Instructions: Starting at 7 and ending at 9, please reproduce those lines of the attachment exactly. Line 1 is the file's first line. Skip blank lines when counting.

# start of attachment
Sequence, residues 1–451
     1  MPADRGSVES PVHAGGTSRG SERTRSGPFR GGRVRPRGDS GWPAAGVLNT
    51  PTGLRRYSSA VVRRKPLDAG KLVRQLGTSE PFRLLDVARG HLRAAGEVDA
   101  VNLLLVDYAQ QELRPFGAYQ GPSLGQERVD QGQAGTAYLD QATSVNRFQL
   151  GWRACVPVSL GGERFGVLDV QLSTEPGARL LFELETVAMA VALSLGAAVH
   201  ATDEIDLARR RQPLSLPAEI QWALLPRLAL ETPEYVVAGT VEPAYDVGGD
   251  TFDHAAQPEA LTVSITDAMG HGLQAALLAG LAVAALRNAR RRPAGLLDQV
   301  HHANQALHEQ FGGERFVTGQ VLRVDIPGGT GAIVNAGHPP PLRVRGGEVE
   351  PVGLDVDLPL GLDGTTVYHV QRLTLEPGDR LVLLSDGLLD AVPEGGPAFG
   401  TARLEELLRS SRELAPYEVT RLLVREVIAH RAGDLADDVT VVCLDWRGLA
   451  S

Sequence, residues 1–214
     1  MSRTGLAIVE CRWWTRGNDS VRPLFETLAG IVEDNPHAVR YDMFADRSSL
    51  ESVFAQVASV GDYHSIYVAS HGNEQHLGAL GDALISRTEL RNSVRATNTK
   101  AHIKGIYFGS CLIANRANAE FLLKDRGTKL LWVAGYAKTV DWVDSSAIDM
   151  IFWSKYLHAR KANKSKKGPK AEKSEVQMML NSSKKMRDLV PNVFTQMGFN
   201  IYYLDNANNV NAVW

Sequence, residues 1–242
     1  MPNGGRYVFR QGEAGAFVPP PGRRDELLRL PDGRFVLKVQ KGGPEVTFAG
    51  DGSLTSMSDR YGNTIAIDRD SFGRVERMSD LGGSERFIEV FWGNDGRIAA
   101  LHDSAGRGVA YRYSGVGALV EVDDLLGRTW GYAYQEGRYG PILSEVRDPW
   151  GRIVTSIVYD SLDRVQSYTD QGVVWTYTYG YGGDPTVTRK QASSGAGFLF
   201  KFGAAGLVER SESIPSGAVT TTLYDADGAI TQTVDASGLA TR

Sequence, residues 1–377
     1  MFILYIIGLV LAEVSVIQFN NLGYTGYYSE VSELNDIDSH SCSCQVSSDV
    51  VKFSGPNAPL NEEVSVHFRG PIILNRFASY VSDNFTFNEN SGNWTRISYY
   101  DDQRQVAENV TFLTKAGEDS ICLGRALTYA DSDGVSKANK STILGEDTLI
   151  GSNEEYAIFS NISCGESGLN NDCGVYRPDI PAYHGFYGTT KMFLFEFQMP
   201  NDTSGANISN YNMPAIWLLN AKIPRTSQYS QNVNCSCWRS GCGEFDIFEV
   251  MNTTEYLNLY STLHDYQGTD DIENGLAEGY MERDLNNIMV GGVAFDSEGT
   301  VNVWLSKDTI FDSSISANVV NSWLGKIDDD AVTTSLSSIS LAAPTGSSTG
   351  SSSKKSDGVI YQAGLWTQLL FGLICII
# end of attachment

   251  TFDHAAQPEA LTVSITDAMG HGLQAALLAG LAVAALRNAR RRPAGLLDQV
   301  HHANQALHEQ FGGERFVTGQ VLRVDIPGGT GAIVNAGHPP PLRVRGGEVE
   351  PVGLDVDLPL GLDGTTVYHV QRLTLEPGDR LVLLSDGLLD AVPEGGPAFG